Virtual reality has taken the tech community by storm. Some experts predict that it will be the biggest innovation since the internet, whilst others take a more pessimistic view and compare the hype to that preceding the launch of Google Glass, a project which has now been consigned to the Google scrapheap.
For the uninitiated, here's a quick overview of what virtual reality actually is. The definition of virtual reality comes from the definitions of virtual (meaning close to) and reality (what we experience in everyday life). Put these together and you get 'close to everyday life', or 'close to reality'. Virtual reality achieves this by mimicking the way our visual senses interpret the world around us and instead give us an emulated reality. VR headsets, which can range from your smartphone in a cardboard cutout to something like Samsung's Oculus rift, strap to your head and cover your eyes with an internal screen which uses lenses to create a full visual effect. This presents the user with a virtual world, which tracks their head movements in a 360-degree environment.
But however you view the launch of virtual reality, it still remains that there are many possibilities for further innovation and enhancing user experience. There is also the question which remains largely unanswered; how does the web fit in with virtual reality? To answer this question, I am going to look how we currently interface with the world wide web, and how virtual reality could possibly change this.
Without a doubt, the most common reason to access the web is for general web browsing. From research to watching videos, our 2D experience of the web is in need of an update, but could virtual reality make the change? Imagine for example looking at a website for a restaurant; the site will probably have pages for their menu, explaining the business, and contact details. Now imagine virtually walking into that same restaurant. Instead of reading the menu from a web page, you physically pick up the menu and read it. To book a table, you just go up to the front desk and speak to the virtual assistant. Maybe you want to know other customers' experiences, so you walk around the restaurant speaking to virtual customers with recorded testimonials. With further innovation very likely in the future, you may also be able to sample and smell the food.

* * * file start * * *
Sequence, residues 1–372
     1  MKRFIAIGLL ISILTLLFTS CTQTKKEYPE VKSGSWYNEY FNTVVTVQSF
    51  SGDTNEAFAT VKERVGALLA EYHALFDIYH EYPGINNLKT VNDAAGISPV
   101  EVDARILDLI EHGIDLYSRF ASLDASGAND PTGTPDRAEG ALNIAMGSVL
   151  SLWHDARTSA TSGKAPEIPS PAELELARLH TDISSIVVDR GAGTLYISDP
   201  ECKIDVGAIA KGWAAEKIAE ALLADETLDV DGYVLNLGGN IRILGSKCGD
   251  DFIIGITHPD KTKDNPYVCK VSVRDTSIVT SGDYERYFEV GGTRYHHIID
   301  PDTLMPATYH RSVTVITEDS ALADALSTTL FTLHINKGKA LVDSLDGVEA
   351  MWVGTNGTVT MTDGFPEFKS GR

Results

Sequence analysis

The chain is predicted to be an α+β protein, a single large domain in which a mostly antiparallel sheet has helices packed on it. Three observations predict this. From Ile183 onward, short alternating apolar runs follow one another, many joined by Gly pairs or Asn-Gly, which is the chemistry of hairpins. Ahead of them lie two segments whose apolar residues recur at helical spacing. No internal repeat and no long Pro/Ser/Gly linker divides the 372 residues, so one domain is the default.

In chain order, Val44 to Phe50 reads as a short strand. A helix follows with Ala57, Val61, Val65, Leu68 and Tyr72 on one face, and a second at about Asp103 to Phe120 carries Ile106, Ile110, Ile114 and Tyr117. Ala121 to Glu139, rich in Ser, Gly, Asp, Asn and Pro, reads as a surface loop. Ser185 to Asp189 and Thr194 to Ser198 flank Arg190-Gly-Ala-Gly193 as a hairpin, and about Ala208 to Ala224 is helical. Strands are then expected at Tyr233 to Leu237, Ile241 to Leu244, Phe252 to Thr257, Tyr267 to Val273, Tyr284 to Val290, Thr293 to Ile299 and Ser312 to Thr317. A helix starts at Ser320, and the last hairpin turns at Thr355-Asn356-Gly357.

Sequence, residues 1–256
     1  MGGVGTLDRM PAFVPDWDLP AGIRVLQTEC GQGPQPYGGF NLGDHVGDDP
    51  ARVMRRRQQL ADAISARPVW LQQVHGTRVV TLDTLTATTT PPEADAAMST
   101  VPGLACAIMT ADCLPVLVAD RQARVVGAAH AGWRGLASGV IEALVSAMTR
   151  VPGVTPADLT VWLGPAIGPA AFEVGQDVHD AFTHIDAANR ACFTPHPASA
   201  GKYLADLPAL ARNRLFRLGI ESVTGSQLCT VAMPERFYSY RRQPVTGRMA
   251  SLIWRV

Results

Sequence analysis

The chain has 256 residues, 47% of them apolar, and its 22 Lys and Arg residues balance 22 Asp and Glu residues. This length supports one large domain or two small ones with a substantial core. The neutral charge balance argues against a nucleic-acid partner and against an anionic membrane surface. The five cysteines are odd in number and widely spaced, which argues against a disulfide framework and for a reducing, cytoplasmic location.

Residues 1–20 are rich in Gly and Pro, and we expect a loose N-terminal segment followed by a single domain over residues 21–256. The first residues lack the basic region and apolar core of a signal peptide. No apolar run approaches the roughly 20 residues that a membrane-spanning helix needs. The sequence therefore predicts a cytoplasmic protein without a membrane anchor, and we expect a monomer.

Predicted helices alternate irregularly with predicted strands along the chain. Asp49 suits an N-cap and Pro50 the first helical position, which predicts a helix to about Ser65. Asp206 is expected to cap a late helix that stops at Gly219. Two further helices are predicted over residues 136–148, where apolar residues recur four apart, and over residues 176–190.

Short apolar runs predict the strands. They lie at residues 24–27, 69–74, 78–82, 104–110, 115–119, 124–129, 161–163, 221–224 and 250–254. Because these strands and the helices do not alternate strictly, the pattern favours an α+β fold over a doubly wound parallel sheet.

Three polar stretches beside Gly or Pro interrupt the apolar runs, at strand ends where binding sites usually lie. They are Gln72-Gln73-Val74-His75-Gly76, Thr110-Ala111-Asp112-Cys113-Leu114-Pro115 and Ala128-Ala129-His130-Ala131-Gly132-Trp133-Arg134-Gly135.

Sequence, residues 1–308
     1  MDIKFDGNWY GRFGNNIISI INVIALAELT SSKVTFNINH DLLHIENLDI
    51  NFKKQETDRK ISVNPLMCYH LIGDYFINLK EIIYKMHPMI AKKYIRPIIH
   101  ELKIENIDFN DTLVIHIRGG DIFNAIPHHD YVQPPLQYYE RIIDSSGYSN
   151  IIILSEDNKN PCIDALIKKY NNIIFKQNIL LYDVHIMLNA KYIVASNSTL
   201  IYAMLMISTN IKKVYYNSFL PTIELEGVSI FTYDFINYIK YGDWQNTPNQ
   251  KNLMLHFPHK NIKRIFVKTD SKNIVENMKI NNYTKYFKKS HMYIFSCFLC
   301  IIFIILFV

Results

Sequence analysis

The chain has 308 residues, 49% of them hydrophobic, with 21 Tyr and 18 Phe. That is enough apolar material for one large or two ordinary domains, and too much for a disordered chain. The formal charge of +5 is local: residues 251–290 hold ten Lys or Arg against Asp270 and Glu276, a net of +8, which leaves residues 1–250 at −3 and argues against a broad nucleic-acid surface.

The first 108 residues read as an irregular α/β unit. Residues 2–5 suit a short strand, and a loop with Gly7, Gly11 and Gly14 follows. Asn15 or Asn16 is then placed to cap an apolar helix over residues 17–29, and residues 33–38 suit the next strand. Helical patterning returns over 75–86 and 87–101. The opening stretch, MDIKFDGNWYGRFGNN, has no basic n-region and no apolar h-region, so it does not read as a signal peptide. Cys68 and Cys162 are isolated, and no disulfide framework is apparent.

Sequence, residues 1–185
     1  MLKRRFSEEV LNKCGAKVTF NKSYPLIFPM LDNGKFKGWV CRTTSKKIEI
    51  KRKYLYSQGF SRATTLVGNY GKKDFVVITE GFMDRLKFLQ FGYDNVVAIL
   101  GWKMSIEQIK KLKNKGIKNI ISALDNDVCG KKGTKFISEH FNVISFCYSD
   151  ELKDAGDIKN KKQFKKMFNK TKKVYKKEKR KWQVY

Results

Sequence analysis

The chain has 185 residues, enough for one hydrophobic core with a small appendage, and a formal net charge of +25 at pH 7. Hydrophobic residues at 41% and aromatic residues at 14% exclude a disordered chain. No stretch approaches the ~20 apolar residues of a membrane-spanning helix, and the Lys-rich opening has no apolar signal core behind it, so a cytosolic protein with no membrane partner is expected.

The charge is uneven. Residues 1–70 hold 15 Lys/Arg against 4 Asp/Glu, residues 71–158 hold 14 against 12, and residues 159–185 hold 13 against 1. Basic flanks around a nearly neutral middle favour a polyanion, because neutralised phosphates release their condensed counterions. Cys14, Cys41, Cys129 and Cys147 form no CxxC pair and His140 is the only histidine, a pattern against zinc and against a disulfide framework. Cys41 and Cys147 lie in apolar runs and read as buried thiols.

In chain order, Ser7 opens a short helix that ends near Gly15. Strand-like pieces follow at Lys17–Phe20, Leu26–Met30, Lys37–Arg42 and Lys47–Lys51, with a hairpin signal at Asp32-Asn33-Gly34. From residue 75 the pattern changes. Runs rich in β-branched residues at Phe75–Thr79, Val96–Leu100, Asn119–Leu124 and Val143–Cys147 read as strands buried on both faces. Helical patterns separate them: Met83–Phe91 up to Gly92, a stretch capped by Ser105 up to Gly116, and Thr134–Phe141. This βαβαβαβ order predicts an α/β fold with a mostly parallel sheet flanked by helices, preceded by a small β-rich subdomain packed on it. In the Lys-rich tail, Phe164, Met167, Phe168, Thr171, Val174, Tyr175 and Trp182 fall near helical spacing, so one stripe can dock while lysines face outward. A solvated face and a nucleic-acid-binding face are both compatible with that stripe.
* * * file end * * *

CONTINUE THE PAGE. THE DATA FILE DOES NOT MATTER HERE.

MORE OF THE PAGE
Perhaps the most obvious candidate for virtual reality is gaming. Although VR headsets for gaming already exist, this area of the gaming market remains relatively small. Virtual reality in gaming allows for a more immersive environment, and new innovations are already looking to improve the experience. Such products include gaming gloves with tiny sensors, which can track the movements in your hands. This could be useful in a driving game for instance, where movements in your hands can control the steering wheel. You could even have sensors in shoes to control the pedals or sensors in an entire body suit for absolute control over your virtual environment.
Chat rooms, instant messaging and video calls could become a thing of the past. Instead of logging into to your favourite social networking site, you slip your VR headset on and are transported to social events and alike. An example could be sitting around a campfire with your friends, with each person being able to communicate with everyone else. You could even have saved environments such as a house, where any changes that have been made are preserved.
Virtual reality is an exciting new advance in technology, buts its slow take to the market and at times fierce opposition from opponents could mean that the humble web user may have to wait a good few years until the web becomes that little bit more real.